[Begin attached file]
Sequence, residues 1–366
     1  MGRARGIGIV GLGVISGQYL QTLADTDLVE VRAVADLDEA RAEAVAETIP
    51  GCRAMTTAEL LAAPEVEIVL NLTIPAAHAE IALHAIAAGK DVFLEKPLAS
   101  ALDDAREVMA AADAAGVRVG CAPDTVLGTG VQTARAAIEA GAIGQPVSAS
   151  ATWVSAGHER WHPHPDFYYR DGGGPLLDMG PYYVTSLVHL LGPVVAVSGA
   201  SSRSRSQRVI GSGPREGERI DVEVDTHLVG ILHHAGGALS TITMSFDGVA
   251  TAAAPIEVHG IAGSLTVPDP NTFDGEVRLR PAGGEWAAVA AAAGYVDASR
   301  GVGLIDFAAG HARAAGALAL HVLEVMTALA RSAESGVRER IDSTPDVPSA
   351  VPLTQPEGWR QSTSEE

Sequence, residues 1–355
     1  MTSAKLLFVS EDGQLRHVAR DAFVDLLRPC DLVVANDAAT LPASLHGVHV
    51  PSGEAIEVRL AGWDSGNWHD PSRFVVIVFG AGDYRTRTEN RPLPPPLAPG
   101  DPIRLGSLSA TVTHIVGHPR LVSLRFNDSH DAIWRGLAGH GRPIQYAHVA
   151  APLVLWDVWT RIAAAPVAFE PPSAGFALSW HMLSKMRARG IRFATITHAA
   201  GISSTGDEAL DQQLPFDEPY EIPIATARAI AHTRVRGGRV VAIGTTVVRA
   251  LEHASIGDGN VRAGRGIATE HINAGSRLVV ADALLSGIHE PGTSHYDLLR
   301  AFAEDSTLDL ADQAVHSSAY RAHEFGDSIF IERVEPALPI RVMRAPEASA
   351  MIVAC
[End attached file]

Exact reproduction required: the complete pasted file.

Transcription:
Sequence, residues 1–366
     1  MGRARGIGIV GLGVISGQYL QTLADTDLVE VRAVADLDEA RAEAVAETIP
    51  GCRAMTTAEL LAAPEVEIVL NLTIPAAHAE IALHAIAAGK DVFLEKPLAS
   101  ALDDAREVMA AADAAGVRVG CAPDTVLGTG VQTARAAIEA GAIGQPVSAS
   151  ATWVSAGHER WHPHPDFYYR DGGGPLLDMG PYYVTSLVHL LGPVVAVSGA
   201  SSRSRSQRVI GSGPREGERI DVEVDTHLVG ILHHAGGALS TITMSFDGVA
   251  TAAAPIEVHG IAGSLTVPDP NTFDGEVRLR PAGGEWAAVA AAAGYVDASR
   301  GVGLIDFAAG HARAAGALAL HVLEVMTALA RSAESGVRER IDSTPDVPSA
   351  VPLTQPEGWR QSTSEE

Sequence, residues 1–355
     1  MTSAKLLFVS EDGQLRHVAR DAFVDLLRPC DLVVANDAAT LPASLHGVHV
    51  PSGEAIEVRL AGWDSGNWHD PSRFVVIVFG AGDYRTRTEN RPLPPPLAPG
   101  DPIRLGSLSA TVTHIVGHPR LVSLRFNDSH DAIWRGLAGH GRPIQYAHVA
   151  APLVLWDVWT RIAAAPVAFE PPSAGFALSW HMLSKMRARG IRFATITHAA
   201  GISSTGDEAL DQQLPFDEPY EIPIATARAI AHTRVRGGRV VAIGTTVVRA
   251  LEHASIGDGN VRAGRGIATE HINAGSRLVV ADALLSGIHE PGTSHYDLLR
   301  AFAEDSTLDL ADQAVHSSAY RAHEFGDSIF IERVEPALPI RVMRAPEASA
   351  MIVAC